One of the things they do in Ulpan is introduce Israeli culture. We often do stories about important people, places and events in Israeli history. On Thursday my Ulpan took a trip to Jerusalem. We visited the Supreme Court, Knesset and Menachim Begin Museum. The Supreme Court and Knesset were tours I had oppurtunities to take at other times when I was in Israel and choose to pass. This time it was worth going.
The first stop was the Supreme Court. After our whole group went through security a bag was left outside of security. They were getting nervous as noone in our group claimed it. As we were standing around a staff member from the floor above us managed to drop their cell phone near where a bunch of us were standing. We began the tour and left security to deal with their bag.
As this was Ulpan the tour was conducted in Hebrew. The guide was talking way to fast for me to register anything she was saying, even when she did use words I understood. Once we made it into the courtroom, she finally got the message to slow down. Either I understood half of what she said or I have a really off the deep end understanding of the court system. My favourite moment was when someone in my class got up and asked the guide a question in Russian. Her eyes just completly glazed over. Members of my class were happy to see that she now understood how we felt. I think we had an oppurtunity to see a case in action in the main courthouse, but we didn't have enough time.
The Supreme Court is a beautiful building. A lot of deep and well thought out symbolism was used representing important values of justice. I could not help but to think of recent court rulings that violated the principles incorporated into the building. A soldier sentenced to 21 days in jail for the crime of yawning. The ruling in favour of the forcible eviction of land legally purchased by Jews. There is overwhelming evidence the sale was not coerced. The only issue that seems to be at stake is the seller didn't know he was selling to Jews and is trying to avoid the death penalty.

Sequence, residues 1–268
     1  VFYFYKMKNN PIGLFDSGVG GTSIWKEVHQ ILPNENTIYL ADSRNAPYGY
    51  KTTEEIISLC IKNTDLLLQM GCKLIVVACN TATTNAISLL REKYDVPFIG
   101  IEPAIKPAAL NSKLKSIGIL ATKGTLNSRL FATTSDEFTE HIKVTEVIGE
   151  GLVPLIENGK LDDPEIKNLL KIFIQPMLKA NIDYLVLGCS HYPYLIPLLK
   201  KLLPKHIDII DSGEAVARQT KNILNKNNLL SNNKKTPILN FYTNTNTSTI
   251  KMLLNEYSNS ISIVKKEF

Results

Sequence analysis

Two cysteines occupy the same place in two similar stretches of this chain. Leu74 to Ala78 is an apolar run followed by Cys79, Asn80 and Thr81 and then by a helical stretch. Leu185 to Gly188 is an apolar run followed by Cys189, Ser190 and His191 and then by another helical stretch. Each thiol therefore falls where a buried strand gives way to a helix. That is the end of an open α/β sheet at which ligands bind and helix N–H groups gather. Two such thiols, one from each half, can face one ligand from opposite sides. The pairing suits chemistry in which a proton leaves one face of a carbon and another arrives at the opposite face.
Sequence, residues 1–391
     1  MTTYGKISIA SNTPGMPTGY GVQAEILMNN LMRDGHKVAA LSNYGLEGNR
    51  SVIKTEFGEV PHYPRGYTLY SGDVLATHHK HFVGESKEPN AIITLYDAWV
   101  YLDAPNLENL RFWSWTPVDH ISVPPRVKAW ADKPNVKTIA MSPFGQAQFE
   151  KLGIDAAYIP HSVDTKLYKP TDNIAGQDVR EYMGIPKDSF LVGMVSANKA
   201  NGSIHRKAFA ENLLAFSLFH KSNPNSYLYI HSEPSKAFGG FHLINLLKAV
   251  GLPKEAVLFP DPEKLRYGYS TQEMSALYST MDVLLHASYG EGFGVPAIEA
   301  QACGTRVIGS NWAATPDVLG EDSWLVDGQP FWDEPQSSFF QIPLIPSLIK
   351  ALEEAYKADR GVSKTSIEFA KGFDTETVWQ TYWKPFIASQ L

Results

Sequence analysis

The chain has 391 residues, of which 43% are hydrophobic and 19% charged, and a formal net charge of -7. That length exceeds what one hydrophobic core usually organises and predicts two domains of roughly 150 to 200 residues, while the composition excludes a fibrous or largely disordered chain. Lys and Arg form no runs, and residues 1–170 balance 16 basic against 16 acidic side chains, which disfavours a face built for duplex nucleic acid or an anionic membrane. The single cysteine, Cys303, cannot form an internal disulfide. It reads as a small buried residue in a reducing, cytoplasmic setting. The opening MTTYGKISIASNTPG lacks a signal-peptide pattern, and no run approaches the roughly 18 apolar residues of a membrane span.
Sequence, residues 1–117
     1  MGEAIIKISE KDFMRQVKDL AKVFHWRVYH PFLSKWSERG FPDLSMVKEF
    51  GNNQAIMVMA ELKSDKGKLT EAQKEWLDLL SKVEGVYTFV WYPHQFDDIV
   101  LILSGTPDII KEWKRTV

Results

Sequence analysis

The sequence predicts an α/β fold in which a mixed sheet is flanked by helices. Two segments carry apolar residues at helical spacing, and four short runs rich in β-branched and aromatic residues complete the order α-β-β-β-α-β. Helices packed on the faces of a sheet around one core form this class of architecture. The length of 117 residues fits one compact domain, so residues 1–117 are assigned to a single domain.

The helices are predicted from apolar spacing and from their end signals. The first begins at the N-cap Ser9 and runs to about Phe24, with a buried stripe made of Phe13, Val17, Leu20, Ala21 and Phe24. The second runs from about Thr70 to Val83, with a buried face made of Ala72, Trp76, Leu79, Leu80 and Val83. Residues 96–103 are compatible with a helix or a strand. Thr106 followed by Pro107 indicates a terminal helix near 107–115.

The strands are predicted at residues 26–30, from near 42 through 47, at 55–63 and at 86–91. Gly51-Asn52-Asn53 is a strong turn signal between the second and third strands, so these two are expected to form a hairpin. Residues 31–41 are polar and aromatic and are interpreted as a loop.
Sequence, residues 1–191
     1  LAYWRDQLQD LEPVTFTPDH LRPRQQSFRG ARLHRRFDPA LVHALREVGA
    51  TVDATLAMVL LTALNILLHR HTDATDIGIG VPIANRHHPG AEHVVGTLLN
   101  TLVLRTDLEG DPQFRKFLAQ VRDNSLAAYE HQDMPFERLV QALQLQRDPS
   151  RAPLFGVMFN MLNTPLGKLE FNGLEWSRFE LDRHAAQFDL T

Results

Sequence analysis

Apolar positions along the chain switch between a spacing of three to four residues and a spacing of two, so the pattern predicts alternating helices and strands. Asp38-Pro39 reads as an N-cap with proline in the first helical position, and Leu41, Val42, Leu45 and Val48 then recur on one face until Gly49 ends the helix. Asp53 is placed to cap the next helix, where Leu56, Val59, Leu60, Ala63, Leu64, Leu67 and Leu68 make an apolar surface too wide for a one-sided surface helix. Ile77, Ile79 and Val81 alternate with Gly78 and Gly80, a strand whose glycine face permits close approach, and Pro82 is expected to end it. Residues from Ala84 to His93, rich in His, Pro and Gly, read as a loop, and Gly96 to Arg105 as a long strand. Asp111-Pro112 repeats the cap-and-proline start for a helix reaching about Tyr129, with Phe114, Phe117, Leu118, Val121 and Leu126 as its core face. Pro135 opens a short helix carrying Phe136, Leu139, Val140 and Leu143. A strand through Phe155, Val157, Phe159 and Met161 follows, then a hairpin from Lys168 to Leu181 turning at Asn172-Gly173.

The next stop was a short walk down to the Knesset. Security was extra tight with cell phone and cameras confisicated and stored in a bag until after the visit. I was surprised when I set off the medal detector. Without doing anything different I walked through a second time without doing anything different without setting of the medal detector. That meant a quick pat down of my pockets followed by a gruff "Welcome" afterwards. It is ammusing when Israeli security gaurds try to be friendly.
(The Knesset and Supreme Court have a Tadiran phone system. Although they are using the beige DKT phones which were discontinued a long time ago.) Our first stop was a video presentation. It was in Hebrew with Hebrew subtitles. Since it was designed as a promotional video, it was slow and clear combined with the writting I was able to understand a lot. We were given the option to watch it again as an English tour joined up with our group. Next we went to the Knesset floor. It struck me how American it was in design and layout. I really like to the pomp and ceremony of the Canadian system. The Knesset has a VIP gallery. Behind that is the public gallery which is behind sound proof glass. The tour guide explained the reason was because some once through a grenade in the old Knesset building and injured some people. The secondary reason was for noise control. I got a good laugh, as the second answer is probably the true one.
We then took the bus to the Menachim Begin Museum. It was a well done exhibit on the life story of Begin. It is amazing that someone could spend 26 years on the opposition benches before spending 6 years as Prime Minister. Each room had some sort of video on different parts of his life. There was even a room where you could select each and every election campaign he was a part of. Headphones were provided to translate the video into the language of choice. Between the different rooms there was usually an introduction given by our tour guide.
My favourite was there was a room set up with a table and chairs to simiulate Irgun planning meetings. On the left was a video of a street with a British Patrol. In front there was a monitor on the left with BBC broadcasts of various events. On the right was the same broadcast coming from the Israeli underground. There was another monitor to show events taking place. During the planning discussuion hands appeared on the tables and you could watch the planning take place. They covered the Akko prison break, King David Hotel, Soldier Hangings, Ship sinking. At one point a comment is made that there are too many British patrols as the monitor on the left shined a light into the entire room. It was a pretty simple but cool effect.
The only objection about the museum came from someone active for the Likud. They are commemorating 30 years since the Camp David accords next year. There are pictures of the Carter/Sadat/Begin handshake. He felt it was a government agenda to move the peace process forward. When I pointed out that they showed Begin saying "There will never be a Palestinian State" at the museum and at the Knesset. He said it was just there to cover up the government agenda.
The tour ended with a trip on an elevator. It was a round room that could hold 30 people. They played Begin's speech from 1978 on Ammunition Hill, about the importance of Jerusalem. When the doors open you get a beautiful view of the old city.
All in all it was a pretty good day.